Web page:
The relentless attack on the Centre by the opposition for alleged mismanagement of the Covid-19 crisis occupied a large space in the media since the beginning of the second wave. While the common man grappled for hospital beds and medical oxygen, the states and opposition preferred indulging in a blame game rather than adopting a solution-oriented strategy. After the Centre being blamed for ‘dropping the ball on Covid preparedness,’ Union Minister Prakash Javadekar in an exclusive write-up at the Indian Express said the allegation is ‘far from the truth.’
Covid preparedness by the Centre
Narrating the Centre’s approach right from the beginning of 2021, Prakash Javadekar revealed that the Centre on January 06 had written to the Kerala state government urging to take immediate steps as the new cases had begun to surge. To follow it up with concrete actions, a high-level central team was sent to the state to support its efforts.
Refuting claims of the Centre adopting a dawdle approach to the upcoming second wave of the coronavirus pandemic, Javadekar straightened the record by informing that the central government had been proactive in Covid management with national-level coordination.
The Minister also highlighted that despite health being a state subject, the Union health ministry consistently monitored case trends, evaluated states’ preparedness, provided technical expertise, and oversaw the formulation of state and district-level response strategies.
Clarifying that the Centre did not restrict itself to just issuing guidelines, Prakash Javadekar informed that more than 75 high-level teams comprising central government bureaucrats and public health experts had been deployed across various states since September 2020.
What was the purpose of these teams? It was to ensure that their feedback reduced the information asymmetry between the Centre and states and help identify key gaps in states’ preparedness and response strategies.
Did the Centre ignore the warnings of the second wave?
When the sudden surge in new coronavirus cases took the nation by surprise, several state authorities chose to fire-fight the damage caused to their reputation rather than the crisis itself.
Prakash Javadekar said, “On February 21, when the daily case count was below 13,000, the Union health ministry noted sharp inter-state variations in trends. Immediately, a letter was sent to states like Chhattisgarh, Kerala and Maharashtra, which were witnessing a spike in cases. High-level central teams for monitoring and assisting state governments were announced on February 24 for the states and UT witnessing a surge — Maharashtra, Kerala, Chhattisgarh, Madhya Pradesh, Gujarat, Punjab, Karnataka Tamil Nadu, West Bengal, and Jammu and Kashmir.”
Saying that the states undermined the gravity of the situation, “Throughout March, the Centre actively monitored the spread of infections in these states, engaging with state governments, reviewing their response measures, and ensuring compliance with the reports prepared by central teams. If these states had taken the Centre’s early warnings and feedback more seriously, the current surge would not have been as fierce,” Javadekar added.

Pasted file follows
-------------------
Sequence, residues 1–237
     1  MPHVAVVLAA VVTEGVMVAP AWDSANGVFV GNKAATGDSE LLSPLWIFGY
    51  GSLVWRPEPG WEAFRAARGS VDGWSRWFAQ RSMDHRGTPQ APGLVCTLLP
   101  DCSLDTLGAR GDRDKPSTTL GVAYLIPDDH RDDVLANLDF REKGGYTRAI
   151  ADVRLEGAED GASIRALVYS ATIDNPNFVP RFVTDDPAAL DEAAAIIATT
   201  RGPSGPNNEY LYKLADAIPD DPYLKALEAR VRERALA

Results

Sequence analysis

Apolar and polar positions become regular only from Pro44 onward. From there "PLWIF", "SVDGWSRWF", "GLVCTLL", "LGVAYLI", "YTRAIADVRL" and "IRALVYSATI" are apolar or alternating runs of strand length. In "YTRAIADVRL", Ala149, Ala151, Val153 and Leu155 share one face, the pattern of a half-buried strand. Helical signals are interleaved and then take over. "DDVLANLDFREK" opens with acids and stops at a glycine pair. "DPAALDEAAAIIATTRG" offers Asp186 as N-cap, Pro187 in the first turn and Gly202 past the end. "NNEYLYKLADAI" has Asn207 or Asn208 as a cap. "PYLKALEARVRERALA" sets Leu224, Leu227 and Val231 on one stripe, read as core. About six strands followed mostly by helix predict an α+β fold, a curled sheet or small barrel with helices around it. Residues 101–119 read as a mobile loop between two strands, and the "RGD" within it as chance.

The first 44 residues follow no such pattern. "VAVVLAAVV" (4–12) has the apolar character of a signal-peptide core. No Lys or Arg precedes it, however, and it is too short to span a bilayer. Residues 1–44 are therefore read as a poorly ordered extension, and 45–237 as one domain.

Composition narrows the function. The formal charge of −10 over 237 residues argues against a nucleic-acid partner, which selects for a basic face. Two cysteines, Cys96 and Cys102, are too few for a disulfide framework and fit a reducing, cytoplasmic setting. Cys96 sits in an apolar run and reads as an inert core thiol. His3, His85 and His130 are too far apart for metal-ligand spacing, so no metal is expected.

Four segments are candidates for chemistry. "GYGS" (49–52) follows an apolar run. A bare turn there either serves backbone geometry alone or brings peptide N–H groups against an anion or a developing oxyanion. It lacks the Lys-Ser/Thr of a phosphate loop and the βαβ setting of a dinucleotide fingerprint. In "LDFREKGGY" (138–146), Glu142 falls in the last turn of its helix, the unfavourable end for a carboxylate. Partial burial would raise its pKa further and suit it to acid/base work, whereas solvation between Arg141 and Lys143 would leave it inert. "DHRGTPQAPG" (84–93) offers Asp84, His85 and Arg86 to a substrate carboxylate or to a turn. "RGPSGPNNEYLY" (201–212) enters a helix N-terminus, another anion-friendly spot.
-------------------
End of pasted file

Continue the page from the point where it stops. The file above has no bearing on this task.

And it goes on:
The states and the opposition not just tried hard to brush their mismanagement under the carpet, but also targeted Prime Minister Narendra Modi for allegedly declaring ‘victory’ over the corona crisis.
Putting things into perspective, Javadekar reiterated Prime Minister Modi’s message to the Chief Ministers in a meeting chaired on March 17.
“Most of the Covid-affected countries in the world have suffered many waves. In our country also, there has been a sudden increase in cases in some states after decline… We have also noticed that the positivity rate in Maharashtra and MP is very high and there is a rise in the number of cases, also…This time, cases are rising in many areas and districts which were unaffected so far. In a way, they were safe zones, but now fresh cases are emerging. In the last few weeks, this increase is more than 150 per cent in 70 districts of the country. If we don’t stop the pandemic in its tracks, the situation can lead to a country-wide outbreak. We must immediately stop this emerging ‘second peak’. I think it is necessary now that difficulties in governance at the local level should be looked into, reviewed and resolved. Our confidence should not become over-confidence and our success should not turn into negligence,” was the Prime Minister’s message.
How prepared was the Centre for the second wave?
The Union Minister specified that the Centre had already anticipated the second wave and had deployed more than 50 teams in the worst-affected districts across the country, to assist state governments in containment and surveillance measures.
He added that the Centre reviewed action plans of almost 200 high-focus districts between March 27 and April 15. As new challenges emerged, the Minister informed that the Government of India deployed a multi-pronged strategy to deal with the ongoing crisis.
“Contrary to the misinformation, the central government was simultaneously dealing with all these aspects of pandemic management,” said Javadekar brushing off every claim of mismanagement and failure in handling the Covid-19 pandemic by the Centre.
From sending approval letters to states for enhancing medical oxygen capacities using PM Cares Fund in January to making available 9000 tonnes of oxygen a day within a month, it is imperative to analyze every step taken by the Centre as well as the states to form a formidable opinion on the handling of the coronavirus pandemic.